I am 31 and divorced. I have dated Shaun for a year and a half. I love him a lot. He is sweet and funny and attentive, and he seems to care for me a great deal. We spend almost every night together, and he has invited me to family occasions like weddings and Christmas.
I’m afraid, however, that Shaun has a fear of commitment he will never grow out of. Since I am 31 and would like to have a family, I don’t feel I have the luxury of time.
Shaun is 34, never been married or engaged. Until last month he was very firm that, despite his many relationships (he has dated a lot of women, usually for around a year) he has never been in love. He told me he believed love is like a lightning bolt that would suddenly strike and change his life forever.
He acknowledges his opinion of love may be romanticized, but it truly is the way he feels. When I pressed him, he said after a year with me and no lightning bolt, it would probably never happen.
Suddenly last month he said he loved me. I have my suspicions his statement was caused by a fear I was going to end the relationship. I don’t have real confidence that he really loves me, as he defines the word. By the way, since he said “I love you” last month, he hasn’t said it again.
Shaun’s told me he thinks marriage is a huge sacrifice and a big adjustment. He insists he wants to be married and have a family sometime, but he has some “growing up” to do first. He says if it weren’t for the pressure he feels from me to make a commitment, he wouldn’t consider marriage for at least another two years.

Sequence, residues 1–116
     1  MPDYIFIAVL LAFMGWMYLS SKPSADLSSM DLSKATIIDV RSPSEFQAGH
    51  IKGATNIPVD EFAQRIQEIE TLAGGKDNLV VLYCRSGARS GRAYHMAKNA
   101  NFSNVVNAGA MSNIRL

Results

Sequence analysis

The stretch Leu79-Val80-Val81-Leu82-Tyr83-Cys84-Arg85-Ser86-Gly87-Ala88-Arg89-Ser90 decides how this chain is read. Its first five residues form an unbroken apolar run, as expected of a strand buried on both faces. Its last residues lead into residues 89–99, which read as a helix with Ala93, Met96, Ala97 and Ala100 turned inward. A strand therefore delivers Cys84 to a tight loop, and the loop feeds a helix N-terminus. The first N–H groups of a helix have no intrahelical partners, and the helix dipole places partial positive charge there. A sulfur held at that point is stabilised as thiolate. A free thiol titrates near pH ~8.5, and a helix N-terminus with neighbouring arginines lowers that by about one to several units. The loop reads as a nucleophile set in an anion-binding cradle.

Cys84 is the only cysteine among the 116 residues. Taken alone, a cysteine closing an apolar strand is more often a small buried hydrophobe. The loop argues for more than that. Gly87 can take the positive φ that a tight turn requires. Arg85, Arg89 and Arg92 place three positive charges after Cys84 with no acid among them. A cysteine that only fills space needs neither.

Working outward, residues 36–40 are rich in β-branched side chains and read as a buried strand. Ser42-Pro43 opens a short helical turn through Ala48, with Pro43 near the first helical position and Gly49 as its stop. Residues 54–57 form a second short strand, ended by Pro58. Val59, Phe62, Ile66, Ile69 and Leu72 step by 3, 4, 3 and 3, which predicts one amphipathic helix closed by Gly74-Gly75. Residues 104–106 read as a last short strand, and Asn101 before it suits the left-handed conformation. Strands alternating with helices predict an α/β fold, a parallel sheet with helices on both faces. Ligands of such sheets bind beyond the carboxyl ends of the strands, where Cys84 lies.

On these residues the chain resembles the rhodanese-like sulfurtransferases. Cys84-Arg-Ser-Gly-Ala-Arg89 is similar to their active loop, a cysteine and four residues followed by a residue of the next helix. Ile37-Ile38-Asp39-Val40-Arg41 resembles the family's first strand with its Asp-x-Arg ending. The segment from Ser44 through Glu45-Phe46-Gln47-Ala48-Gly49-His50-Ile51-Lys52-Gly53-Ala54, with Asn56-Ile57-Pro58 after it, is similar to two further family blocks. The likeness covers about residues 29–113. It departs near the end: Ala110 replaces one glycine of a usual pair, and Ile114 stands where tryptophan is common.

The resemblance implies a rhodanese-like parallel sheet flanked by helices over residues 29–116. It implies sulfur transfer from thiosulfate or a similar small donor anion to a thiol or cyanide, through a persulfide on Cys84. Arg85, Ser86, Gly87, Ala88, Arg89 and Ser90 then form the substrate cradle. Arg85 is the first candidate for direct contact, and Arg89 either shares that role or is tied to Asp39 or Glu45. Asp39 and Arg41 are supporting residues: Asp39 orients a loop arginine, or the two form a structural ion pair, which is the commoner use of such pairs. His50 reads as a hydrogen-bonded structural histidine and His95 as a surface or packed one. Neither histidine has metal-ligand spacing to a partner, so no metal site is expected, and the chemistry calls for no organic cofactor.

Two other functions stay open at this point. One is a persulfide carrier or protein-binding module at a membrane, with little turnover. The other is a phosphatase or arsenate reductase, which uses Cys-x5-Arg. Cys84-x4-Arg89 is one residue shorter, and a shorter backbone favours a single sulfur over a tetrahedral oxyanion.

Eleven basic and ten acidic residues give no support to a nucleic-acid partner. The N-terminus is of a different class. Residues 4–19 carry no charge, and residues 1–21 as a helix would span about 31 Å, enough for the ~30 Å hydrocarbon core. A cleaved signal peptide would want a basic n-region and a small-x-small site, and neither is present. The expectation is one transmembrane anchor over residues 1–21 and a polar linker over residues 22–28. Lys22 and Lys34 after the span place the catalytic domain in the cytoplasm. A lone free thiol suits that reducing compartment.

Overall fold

I love him but fear I might be pushing him into something he is not ready for. My fear is, if we marry under these conditions, he will eventually resent me for “forcing” him into marriage.
I already had one marriage end. I don’t want to be divorced again. If I had confidence he truly loved me and wanted to marry, I would marry him tomorrow without a second thought. But I have so many nagging doubts.
Kara, we give you credit for not letting the plans you have for your own life, override the foundation it needs to be built on. But every day you went down the road with him not saying “I love you” put you in this position.
You are an experienced, adult, smart woman. You are too emotionally savvy to delude yourself into thinking that marrying a man who doesn’t want to marry you will end well.
Shaun says he hasn’t grown up yet, and it will be at least two years before he would consider marriage. That’s just kicking the can down the road. How can he estimate when he will be grown up?
He’s dated a lot, so the issue is him. He enjoys the benefits of a long-term relationship, but like a man who wants a new car every year, that’s what he enjoys more. Though he has had your model longer than most, he hasn’t closed the door on getting next year’s model.
A pressured marriage proposal has as much sincerity as a forced apology. We always say, if you have to ultimatum the other party, the relationship is over. Why? Because what you will initially be thrilled to have, once you realize it wasn’t given freely, that will be all you can see.
That will always loom over the relationship. You may love and care about him, but one-sided love is imperfect. To be perfect, to last a lifetime, it must be mutual.
~ Wayne & Tamara
Column for the week of January 14, 2019
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Wayne & Tamara answer as many letters as they possibly can.